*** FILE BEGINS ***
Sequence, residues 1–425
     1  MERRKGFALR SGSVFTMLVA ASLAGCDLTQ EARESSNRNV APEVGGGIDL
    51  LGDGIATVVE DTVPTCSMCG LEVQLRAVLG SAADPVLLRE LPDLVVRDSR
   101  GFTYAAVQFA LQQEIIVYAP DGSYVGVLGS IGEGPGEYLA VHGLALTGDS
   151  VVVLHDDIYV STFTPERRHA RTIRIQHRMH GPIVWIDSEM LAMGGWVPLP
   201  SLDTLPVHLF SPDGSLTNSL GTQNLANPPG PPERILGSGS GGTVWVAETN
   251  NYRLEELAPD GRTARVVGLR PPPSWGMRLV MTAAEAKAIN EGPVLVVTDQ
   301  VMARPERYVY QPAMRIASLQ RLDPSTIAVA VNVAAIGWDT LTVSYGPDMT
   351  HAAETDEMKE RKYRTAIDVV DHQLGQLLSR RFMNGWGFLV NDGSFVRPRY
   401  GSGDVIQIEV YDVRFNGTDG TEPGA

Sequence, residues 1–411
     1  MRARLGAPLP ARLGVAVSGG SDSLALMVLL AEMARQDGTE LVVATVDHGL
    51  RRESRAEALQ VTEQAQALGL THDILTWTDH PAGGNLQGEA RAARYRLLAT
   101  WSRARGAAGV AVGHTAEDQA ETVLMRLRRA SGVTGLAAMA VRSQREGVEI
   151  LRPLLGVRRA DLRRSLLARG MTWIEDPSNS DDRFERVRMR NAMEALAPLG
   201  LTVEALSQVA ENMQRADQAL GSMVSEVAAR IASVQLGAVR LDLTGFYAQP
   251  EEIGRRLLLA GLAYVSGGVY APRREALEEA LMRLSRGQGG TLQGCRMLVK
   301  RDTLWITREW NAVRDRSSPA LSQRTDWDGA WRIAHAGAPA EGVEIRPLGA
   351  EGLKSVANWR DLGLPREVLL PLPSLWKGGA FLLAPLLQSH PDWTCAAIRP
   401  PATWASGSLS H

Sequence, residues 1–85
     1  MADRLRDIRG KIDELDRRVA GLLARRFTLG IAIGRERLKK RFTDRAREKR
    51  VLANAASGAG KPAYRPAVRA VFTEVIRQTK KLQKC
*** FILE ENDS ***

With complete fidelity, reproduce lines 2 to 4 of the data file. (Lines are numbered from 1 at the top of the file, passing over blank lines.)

     1  MERRKGFALR SGSVFTMLVA ASLAGCDLTQ EARESSNRNV APEVGGGIDL
    51  LGDGIATVVE DTVPTCSMCG LEVQLRAVLG SAADPVLLRE LPDLVVRDSR
   101  GFTYAAVQFA LQQEIIVYAP DGSYVGVLGS IGEGPGEYLA VHGLALTGDS